Microsoft is working on new technology to analyze someone’s pulse simply using a video made on a smartphone. It’s not just the manufacturers of wristbands and smartwatches that are looking to capitalize on heart health. Also in the field of consumer electronics, Microsoft announced on Wednesday that it is working on a new system to track your pulse, but also your breathing, this time using a simple smartphone camera.
A group of researchers from Microsoft Research, the University of Washington, and OctoML worked together to develop a new way to track this data using not a heart rate monitor, but a simple video-based camera. “This approach uses everyday camera technology such as webcams or portable devices,” says Redmond’s firm.
To do this, Microsoft uses a video of the person’s face and, depending on the pixel changes and the reflections of the light is able to assess the person’s heart rate. “A smartphone camera can capture this reflected light and changes in pixel intensity can be used to trace the underlying sources of these changes, such as the person’s pulse or breathing,” Microsoft said in a blog post.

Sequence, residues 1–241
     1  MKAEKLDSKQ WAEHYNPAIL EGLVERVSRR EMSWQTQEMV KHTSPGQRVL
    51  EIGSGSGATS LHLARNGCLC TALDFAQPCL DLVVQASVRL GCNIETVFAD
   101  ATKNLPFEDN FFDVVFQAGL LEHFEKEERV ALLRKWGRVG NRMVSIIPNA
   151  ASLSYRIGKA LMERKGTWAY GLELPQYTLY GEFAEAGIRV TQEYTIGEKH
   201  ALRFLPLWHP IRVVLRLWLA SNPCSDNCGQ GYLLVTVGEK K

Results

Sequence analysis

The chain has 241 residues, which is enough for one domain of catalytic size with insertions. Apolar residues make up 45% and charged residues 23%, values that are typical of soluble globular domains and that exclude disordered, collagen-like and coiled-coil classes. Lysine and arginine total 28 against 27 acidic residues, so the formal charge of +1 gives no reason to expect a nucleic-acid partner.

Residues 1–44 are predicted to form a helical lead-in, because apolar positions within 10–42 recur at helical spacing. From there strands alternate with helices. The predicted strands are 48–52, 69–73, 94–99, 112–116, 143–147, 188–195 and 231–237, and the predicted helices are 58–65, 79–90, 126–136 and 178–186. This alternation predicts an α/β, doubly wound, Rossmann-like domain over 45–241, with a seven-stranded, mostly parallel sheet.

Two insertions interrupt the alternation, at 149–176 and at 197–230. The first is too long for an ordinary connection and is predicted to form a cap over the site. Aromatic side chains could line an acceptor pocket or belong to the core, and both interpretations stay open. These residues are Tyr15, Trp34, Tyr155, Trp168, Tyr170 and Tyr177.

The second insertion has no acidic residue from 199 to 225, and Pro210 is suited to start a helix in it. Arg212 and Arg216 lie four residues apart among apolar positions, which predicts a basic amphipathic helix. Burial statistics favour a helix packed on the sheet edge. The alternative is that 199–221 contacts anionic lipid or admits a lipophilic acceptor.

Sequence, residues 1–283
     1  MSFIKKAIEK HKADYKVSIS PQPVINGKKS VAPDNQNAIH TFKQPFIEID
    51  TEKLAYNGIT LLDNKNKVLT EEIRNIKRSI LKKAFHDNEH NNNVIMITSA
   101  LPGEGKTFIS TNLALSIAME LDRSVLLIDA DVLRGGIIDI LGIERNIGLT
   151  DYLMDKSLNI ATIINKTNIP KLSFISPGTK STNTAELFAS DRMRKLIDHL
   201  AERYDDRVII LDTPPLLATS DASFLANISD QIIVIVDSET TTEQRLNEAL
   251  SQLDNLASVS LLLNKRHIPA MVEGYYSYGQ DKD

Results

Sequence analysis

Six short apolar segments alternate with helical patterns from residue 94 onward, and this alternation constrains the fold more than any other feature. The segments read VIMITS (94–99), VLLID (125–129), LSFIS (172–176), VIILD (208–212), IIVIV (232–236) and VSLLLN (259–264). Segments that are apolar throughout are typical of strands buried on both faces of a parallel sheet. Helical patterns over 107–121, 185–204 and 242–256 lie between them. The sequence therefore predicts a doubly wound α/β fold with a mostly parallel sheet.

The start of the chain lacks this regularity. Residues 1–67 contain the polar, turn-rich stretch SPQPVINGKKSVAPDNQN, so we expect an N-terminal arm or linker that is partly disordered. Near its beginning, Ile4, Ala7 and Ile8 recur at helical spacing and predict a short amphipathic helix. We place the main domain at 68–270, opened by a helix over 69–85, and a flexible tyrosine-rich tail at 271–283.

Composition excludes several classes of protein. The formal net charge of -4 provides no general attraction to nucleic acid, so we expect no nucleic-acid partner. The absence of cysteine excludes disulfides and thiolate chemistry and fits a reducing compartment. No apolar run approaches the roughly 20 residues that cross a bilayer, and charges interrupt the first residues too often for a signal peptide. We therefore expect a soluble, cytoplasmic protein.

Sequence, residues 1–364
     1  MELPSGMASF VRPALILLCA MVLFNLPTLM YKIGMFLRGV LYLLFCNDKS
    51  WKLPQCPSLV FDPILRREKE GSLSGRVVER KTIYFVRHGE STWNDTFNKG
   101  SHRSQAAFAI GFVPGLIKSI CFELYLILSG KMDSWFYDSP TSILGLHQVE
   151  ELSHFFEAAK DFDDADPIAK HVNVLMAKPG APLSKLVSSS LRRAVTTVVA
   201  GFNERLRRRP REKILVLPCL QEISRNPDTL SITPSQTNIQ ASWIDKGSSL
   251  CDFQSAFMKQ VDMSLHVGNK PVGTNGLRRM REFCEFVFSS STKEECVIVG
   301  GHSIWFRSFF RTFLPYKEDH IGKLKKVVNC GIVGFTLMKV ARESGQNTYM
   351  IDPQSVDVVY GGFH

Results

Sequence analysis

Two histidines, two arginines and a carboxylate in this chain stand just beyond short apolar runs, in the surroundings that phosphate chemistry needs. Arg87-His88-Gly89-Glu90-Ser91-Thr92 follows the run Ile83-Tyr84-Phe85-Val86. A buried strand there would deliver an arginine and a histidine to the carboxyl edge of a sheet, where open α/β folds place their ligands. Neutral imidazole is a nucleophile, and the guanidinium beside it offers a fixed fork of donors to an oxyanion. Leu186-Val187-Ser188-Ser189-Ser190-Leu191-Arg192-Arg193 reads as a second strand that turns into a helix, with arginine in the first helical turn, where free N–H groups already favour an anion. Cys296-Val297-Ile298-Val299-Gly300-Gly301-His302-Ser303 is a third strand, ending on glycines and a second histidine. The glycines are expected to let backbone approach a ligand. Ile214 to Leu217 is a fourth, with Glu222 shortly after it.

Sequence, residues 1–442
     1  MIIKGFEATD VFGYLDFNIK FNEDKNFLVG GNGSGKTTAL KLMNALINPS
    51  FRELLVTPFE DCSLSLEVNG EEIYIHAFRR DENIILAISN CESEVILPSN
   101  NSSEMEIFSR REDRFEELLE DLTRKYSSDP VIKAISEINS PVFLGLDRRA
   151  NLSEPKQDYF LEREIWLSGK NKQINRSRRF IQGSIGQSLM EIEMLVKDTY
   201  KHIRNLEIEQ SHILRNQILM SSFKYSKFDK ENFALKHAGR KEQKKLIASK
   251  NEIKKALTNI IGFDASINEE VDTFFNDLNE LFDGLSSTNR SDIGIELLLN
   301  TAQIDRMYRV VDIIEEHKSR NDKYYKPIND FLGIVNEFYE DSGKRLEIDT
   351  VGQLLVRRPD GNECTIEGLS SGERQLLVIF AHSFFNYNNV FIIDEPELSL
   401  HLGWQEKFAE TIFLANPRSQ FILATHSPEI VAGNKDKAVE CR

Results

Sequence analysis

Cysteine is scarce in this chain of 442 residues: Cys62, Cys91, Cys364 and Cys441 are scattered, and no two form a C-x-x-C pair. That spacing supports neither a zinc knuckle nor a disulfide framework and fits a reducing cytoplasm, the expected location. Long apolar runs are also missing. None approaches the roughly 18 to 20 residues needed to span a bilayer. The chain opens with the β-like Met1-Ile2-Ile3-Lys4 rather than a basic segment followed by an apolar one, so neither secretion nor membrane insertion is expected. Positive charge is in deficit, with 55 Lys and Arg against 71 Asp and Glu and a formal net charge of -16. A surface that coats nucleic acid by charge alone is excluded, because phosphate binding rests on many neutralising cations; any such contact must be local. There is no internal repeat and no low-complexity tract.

It is thus a system close to what we already have in the field of watches and wristbands connected with heart rate monitors based on photoplethysmography, capable of emitting and capturing green light reflected according to the heart rate of the user.
MUCH MORE ACCESSIBLE DATA FOR THE GENERAL PUBLIC
For Microsoft, the main interest of this technology is its adoption by the general public. Pulse-measuring watches and wristbands — let alone electrocardiogram-equipped devices — are still rare on the market, unlike smartphones or webcams. “The development of these video-based contactless vital sign measurements presents an opportunity for large-scale monitoring of physiological data,” Microsoft believes. For the time being, this is still only used in the context of research. Microsoft is well aware that such data should be particularly protected since it would associate health data with the faces of users. It is therefore not known when the general public will be able to access it directly on a smartphone, PC, or tablet.
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